Saturday, April 12, 2008

A Bangalore fly-by

It was a beautiful sunset and a busy evening; I packed my back-pack as I had to leave to Hyderabad from Coimbatore after a long vacation. Those long years in college and the grooming as a corporate professional could remotely change my attitude from a whining school boy reluctant to leave home for school. I found hard to push myself to leave for work the next day.
As I waited in the verandah, dad arrived and we left for the Coimbatore domestic airport. Ours is a simple, small and a quiet airport, much unlike that of any other metro in India. The serene look and the calmness in the milieu had a soothing effect; I and dad drifted to our chat soon. We started with the world of IT and when we finished talking about grid computing I realized that only 20 minutes were left for the take off!
When I entered the airport, the security check had finished and I was the last one to report! The routine screening and checks were over and I found myself sitting beside a window inside the airplane. The aircraft took off, houses, roads and people became miniatures; the horizon expanded and the strange bliss I acquire every time I flew arrived – perhaps it was the desire to become a photogrammetist which was getting fulfilled, at least partially.
I flipped open my sony phone in in-flight mode and tried my best at capturing the beauty of rustic India at sunset. Alas, the cabin lights were too bright and caused an internal reflection subverting my photography. I settled with the Deccan Airways magazine and skimmed quietly through it.
An hour passed and raspy voice echoed through the speakers. The captain announced the bearings, the 17,000 ft altitude, 490 kmph velocity and the -2°C outside temperature. What he announced next was had such a lasting impact on me that it motivated me to write this entire article. It was the Bangalore fly-by; a night vision of Bangalore from the sky.
Hurriedly, I switched off the reading light and peeped down the window. I was awe-struck. I saw the Las Vegas of India, our silicon city dazzling with its jewel like lamps. Glistening, sparkling lights, the traffic inching through the roads gave the reality of Bangalore even from the sky. An arterial road looked like a sparkling platinum chain and a splatter of lights forming a disc below it looked like a dollar and on the whole I saw a mammoth necklace dazzling in the night.The plane canted to its right and I got an even better vision of the city. The roads emerged clear with their street lamps, ambient glow from roadside shops, discrete and berserk run of vehicle lamps. From the sky this vision recalled that of an artery and the red blood corpuscles rushing down it. Now anyone who had seen this would know why, are these roads termed as arterial!The sight was so irresistible; I had to pen down those few words that blurt out of my mind during my first sight, thankfully my habit of carrying the ATM slips came to rescue. As I jotted down these visions on the back of the slips, I saw the air hostess watching me with a tinkle in her eye depictive of surprise and joy.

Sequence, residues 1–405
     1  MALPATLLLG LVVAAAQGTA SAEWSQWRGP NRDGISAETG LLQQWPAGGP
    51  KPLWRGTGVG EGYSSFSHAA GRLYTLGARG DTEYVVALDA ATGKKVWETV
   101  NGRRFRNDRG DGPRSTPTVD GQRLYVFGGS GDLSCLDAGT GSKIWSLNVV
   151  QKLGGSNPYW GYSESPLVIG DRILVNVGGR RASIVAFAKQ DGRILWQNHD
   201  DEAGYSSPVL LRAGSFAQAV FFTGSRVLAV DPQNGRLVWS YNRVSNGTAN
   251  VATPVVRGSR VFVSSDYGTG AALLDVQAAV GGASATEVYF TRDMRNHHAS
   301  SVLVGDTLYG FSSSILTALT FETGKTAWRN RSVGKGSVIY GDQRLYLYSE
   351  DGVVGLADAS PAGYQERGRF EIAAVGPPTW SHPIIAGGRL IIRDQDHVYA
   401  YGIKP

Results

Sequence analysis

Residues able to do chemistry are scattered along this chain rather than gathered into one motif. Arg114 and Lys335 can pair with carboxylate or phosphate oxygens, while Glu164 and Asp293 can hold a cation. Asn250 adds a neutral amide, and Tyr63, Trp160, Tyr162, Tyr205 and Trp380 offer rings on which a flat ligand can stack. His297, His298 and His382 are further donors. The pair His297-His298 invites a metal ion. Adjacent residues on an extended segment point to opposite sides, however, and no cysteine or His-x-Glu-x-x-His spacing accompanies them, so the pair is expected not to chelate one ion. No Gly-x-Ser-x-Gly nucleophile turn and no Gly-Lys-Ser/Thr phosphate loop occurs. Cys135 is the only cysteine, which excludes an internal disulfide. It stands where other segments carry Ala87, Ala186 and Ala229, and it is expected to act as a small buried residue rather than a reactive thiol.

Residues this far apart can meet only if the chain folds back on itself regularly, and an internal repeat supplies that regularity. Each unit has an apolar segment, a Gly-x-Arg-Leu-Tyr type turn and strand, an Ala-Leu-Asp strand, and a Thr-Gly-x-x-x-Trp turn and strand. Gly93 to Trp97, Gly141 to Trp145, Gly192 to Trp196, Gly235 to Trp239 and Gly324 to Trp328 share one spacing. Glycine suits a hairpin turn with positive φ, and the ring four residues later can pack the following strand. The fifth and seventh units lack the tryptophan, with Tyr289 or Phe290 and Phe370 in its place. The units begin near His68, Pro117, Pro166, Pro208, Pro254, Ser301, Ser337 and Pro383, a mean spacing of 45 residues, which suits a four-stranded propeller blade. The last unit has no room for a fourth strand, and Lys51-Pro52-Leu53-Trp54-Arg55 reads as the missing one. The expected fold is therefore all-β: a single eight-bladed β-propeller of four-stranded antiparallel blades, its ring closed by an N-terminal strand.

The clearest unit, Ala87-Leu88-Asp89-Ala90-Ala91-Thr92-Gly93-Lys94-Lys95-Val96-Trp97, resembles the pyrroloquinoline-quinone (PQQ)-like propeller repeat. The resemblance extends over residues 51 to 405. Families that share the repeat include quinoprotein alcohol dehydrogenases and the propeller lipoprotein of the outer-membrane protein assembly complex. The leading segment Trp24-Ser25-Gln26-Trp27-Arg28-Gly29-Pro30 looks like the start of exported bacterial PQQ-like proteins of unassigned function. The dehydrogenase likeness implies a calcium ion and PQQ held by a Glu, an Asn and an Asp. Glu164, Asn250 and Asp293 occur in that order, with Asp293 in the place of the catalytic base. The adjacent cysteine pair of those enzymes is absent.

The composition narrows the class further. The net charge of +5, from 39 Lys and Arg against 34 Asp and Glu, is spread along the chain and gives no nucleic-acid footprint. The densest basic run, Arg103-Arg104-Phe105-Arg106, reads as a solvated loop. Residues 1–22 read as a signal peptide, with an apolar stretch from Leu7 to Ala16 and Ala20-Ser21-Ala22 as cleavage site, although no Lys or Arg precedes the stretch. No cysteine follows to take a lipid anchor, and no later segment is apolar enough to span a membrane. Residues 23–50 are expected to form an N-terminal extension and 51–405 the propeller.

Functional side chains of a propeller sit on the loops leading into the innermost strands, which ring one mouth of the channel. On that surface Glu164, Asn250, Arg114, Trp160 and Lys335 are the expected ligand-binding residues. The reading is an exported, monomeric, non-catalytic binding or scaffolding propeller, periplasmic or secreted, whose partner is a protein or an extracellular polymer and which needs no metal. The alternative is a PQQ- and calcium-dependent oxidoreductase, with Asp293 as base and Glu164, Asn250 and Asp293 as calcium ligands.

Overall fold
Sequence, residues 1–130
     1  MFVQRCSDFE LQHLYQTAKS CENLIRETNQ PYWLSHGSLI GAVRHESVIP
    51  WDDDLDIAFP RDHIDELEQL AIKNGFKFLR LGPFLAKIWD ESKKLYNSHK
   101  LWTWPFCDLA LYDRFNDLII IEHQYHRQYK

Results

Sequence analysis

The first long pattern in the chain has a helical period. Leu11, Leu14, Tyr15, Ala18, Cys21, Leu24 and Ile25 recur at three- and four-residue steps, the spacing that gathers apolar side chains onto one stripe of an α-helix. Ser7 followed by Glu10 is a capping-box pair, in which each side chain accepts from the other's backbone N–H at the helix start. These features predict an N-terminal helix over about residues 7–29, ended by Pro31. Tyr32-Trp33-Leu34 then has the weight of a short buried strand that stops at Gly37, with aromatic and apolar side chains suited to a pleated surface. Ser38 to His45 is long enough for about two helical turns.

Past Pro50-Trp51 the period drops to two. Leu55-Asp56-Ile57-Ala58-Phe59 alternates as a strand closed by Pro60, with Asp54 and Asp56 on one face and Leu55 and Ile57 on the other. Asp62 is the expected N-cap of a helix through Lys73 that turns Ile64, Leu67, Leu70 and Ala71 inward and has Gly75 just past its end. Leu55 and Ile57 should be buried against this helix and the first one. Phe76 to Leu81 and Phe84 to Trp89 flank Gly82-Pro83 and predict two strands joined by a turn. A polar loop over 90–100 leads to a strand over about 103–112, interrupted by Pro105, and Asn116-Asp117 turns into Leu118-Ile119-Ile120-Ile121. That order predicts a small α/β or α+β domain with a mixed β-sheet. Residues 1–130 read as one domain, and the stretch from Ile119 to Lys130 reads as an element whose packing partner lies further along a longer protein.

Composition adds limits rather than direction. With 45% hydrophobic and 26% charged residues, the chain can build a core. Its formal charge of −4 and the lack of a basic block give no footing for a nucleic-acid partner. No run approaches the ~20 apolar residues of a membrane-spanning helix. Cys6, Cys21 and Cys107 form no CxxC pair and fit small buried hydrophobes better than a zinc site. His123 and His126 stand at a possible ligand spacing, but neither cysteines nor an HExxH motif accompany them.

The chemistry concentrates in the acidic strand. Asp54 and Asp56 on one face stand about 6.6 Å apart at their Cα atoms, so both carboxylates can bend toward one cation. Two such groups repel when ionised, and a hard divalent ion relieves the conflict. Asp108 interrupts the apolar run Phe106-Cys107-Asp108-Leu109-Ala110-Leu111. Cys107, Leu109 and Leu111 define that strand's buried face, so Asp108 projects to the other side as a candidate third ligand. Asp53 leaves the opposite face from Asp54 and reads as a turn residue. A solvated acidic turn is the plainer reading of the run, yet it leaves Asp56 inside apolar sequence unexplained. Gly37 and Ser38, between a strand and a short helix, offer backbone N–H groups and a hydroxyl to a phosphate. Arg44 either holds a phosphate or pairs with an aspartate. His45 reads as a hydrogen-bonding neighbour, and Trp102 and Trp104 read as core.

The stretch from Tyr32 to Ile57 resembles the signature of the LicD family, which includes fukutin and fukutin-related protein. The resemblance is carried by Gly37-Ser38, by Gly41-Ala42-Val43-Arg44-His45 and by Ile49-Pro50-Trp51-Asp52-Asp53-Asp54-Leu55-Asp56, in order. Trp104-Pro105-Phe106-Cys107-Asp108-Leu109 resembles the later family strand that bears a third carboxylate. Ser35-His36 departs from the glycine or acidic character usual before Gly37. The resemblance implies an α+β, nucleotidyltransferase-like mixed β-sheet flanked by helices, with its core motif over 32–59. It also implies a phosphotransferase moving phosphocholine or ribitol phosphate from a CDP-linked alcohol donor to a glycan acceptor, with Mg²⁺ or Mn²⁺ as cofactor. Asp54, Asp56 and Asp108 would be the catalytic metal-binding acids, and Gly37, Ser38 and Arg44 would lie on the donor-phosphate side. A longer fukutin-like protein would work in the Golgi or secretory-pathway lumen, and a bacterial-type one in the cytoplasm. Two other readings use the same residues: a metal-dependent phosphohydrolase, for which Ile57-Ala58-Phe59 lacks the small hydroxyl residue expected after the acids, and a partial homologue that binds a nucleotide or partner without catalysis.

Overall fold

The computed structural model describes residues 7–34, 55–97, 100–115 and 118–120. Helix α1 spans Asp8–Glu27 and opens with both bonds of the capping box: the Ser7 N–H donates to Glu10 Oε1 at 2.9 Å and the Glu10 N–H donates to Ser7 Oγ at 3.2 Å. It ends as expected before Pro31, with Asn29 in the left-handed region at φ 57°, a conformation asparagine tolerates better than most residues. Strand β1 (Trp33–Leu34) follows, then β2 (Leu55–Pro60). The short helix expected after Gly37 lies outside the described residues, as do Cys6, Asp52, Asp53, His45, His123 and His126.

This fly-by lasted for just ten minutes after which I saw the dull and occasional sparks of light from the suburban places below. The sporadic distribution of lights appeared in unique and peculiar shapes. Those clusters of tiny lights in abstract shapes looked as if it were a weird communication with aliens.
In another half hour the plane landed in the brand new Shamsabad airport, Hyderabad. The airport was gleaming clean an obviously fine work from GMR group of companies. With the geographer and writer satisfied in my, I started towards the office.
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